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2.2 Definitions and Biconditional StatementsPowerPoint Presentation

2.2 Definitions and Biconditional Statements

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Standard/Objectives

Standard 3: Students will learn and apply geometric concepts.

Objectives:

- Recognize and use definitions.
- Recognize and use biconditional statements.

Assignment:

- pp. 82-83 #3-37 all

Definitions

- Definitions: perpendicular lines are those which intersect if they form a right angle
- A line perpendicular to a plane is a line that intersects the plane in a point and is perpendicular to every line in the plane that intersects it.

Recognizing and using definitions

- All definitions can be interpreted “forward” and “backward.”
- The definition of perpendicular lines means
- If two lines are perpendicular, then they intersect to form a right angle, and
- If two lines intersect to to form a right angle, then they are perpendicular.

Example 1

- Decide whether each statement about the diagram is true. Explain your answers.

- Points D, X, and B are collinear.
- AC is perpendicular to DB.
- Angle AXB is adjacent to and CXD.

Example 1

- Decide whether each statement about the diagram is true. Explain your answers.

- True. Two points are collinear if they lie on the same point.
- True. The right angle symbol in the diagram indicates that lines AC and DB intersect to form a right angle; so the lines are perpendicular.
- False. By definition, adjacent angles must share a common side. They do not, so are not adjacent.

Using Biconditional Statements

- Conditional statements are not always written in the if-then form. Another common form of a conditional is only-if form. Here is an example.
- It is Saturday (hypothesis), only if I am working at the restaurant (conclusion).
- You can rewrite this conditional statement in if-then form as follows:
- If it is Saturday, then I am working at the restaurant.
- A biconditional statement is one that contains the phrase “if and only if.” Writing a biconditional statement is equivalent to writing a conditional statement and its converse.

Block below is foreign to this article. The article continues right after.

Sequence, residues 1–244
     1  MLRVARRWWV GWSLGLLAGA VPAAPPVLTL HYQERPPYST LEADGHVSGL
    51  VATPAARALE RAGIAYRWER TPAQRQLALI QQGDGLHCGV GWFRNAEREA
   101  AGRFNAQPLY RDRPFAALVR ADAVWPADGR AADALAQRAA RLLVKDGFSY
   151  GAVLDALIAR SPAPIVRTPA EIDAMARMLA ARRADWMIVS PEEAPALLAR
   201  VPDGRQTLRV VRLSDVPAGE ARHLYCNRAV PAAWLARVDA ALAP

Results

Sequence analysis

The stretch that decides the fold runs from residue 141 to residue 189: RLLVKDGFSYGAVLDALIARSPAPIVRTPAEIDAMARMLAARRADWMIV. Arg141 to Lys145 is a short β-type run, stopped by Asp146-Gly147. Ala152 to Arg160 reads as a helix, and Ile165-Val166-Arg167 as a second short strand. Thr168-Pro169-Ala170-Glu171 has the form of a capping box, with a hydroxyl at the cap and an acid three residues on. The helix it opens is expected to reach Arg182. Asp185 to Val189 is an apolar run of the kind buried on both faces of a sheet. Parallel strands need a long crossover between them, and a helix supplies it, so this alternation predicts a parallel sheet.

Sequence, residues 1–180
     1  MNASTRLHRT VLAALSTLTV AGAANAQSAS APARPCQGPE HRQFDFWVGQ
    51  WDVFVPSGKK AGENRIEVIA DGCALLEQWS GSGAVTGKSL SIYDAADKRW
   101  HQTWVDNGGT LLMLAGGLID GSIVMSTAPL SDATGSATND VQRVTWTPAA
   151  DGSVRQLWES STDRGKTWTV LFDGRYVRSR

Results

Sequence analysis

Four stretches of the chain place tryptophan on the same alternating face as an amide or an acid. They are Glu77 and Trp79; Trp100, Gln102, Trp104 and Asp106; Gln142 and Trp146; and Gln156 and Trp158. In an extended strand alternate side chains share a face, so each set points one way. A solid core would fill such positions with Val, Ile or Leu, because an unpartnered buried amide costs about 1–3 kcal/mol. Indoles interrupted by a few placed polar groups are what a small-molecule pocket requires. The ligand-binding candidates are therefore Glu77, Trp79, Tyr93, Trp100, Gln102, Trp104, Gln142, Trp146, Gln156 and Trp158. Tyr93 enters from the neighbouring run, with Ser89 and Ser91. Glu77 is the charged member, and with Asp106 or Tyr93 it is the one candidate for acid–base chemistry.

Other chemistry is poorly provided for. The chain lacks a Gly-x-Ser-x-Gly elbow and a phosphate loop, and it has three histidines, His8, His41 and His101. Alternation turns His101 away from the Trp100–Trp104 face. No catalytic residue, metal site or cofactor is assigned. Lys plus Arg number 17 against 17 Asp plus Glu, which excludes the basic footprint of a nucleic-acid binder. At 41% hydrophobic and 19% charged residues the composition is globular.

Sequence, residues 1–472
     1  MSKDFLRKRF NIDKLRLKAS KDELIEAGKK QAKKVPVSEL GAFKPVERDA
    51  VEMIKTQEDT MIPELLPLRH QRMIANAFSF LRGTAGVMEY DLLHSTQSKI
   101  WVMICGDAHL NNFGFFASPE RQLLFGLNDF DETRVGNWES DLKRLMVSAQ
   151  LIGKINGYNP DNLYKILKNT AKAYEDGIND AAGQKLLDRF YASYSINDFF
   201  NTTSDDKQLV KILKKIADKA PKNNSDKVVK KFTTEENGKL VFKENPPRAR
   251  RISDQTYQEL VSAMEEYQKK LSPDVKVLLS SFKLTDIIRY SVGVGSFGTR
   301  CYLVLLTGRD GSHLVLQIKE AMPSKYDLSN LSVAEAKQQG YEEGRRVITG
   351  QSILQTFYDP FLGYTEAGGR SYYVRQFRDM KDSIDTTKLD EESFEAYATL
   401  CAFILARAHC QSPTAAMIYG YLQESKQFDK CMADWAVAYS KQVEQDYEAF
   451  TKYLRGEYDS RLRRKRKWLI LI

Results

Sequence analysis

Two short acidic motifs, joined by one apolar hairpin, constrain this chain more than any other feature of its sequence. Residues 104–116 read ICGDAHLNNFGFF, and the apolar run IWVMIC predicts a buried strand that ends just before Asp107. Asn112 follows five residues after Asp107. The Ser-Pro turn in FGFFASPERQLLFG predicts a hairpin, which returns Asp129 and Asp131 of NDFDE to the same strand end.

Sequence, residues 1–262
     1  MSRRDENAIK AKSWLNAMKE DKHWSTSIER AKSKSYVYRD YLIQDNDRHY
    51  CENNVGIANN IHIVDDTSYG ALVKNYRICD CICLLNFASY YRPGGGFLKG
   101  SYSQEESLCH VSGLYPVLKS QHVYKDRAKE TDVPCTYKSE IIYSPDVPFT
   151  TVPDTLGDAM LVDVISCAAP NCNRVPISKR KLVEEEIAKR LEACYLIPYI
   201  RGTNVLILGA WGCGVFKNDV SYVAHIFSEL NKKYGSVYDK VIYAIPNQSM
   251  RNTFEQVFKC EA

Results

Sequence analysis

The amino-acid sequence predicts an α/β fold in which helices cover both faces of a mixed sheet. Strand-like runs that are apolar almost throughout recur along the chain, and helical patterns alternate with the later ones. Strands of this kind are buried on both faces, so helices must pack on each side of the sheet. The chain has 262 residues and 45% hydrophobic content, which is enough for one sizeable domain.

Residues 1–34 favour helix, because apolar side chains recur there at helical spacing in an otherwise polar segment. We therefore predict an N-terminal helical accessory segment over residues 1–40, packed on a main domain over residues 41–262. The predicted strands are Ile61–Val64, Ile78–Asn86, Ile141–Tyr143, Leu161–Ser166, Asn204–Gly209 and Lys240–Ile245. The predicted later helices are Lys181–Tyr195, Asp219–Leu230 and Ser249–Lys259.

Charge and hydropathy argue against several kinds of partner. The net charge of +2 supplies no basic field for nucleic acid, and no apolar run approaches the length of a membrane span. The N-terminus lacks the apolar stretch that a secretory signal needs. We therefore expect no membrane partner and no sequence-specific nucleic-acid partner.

Example 2

- The biconditional statement below can be rewritten as a conditional statement and its converse.
- Three lines are coplanar if and only if they lie in the same plane.
- Conditional statement: If three lines are coplanar, then they lie in the same plane.
- Converse: If three lines lie in the same plane, then they are coplanar.

Biconditional Statements

- A biconditional statement can either be true or false. To be true, BOTH the conditional statement and its converse must be true. This means that a true biconditional statement is true both “forward” and “backward.” All definitions can be written as true biconditional statements.

Example 3: Analyzing Biconditional Statements

- Consider the following statement: x = 3 if and only if x2 = 9.
- Is this a biconditional statement?
- The statement is biconditional because it contains the phrase “if and only if.”

- Is the statement true?
- Conditional statement: If x = 3, then x2 = 9.
- Converse: x2 = 9, then x = 3.
- The first part of the statement is true, but what about -3? That makes the second part of the statement false.

Example 4: Writing a Biconditional Statement

- Each of the following is true. Write the converse if each statement and decide whether the converse is true or false. If the converse is TRUE, then combine it with the original statement to form a true biconditional statement. If the statement is FALSE, then state a counterexample.
- If two points lie in a plane, then the line containing them lies in the plane.

Example 4: Writing a Biconditional Statement

- Converse: If a line containing two points lies in a plane, then the points lie in the plane. The converse is true as shown in the diagram on page 81. It can be combined with the original statement to form a true biconditional statement written below:
- Biconditional statement: Two points lie in a plane if and only if the line containing them lies in the plane.

Example 4: Writing a Biconditional Statement

- B. If a number ends in 0, then the number is divisible by 5.
- Converse: If a number is divisible by 5; then the number ends in 0.
- The converse isn’t true. What about 25?
- Knowing how to use true biconditional statements is an important tool for reasoning in Geometry. For instance, if you can write a true biconditional statement, then you can use the conditional statement or the converse to justify an argument.

Example 4: Writing a Biconditional Statement

- B. If a number ends in 0, then the number is divisible by 5.
- Converse: If a number is divisible by 5; then the number ends in 0.
- The converse isn’t true. What about 25?
- Knowing how to use true biconditional statements is an important tool for reasoning in Geometry. For instance, if you can write a true biconditional statement, then you can use the conditional statement or the converse to justify an argument.

Example 5: Writing a Postulate as a Biconditional Statement

- The second part of the Segment Addition Postulate is the converse of the first part. Combine the statements to form a true biconditional statement.
- If B lies between points A and C, then AB + BC = AC.
- Converse: If AB + BC = AC; then B lies between points A and C.
- Combine these statements

Example 5: Writing a Postulate as a Biconditional Statement

- Point B lies between points A and C if and only if AB + BC = AC.
- Assignment 2.2 – pp. 3-39 all
- Quiz next Monday
- Binder check Today – Period 5.
- 90% 1 day late, 80% - 2 days late, 70% 3 days late, 60% 4 days late, 50% -- 1 week late.

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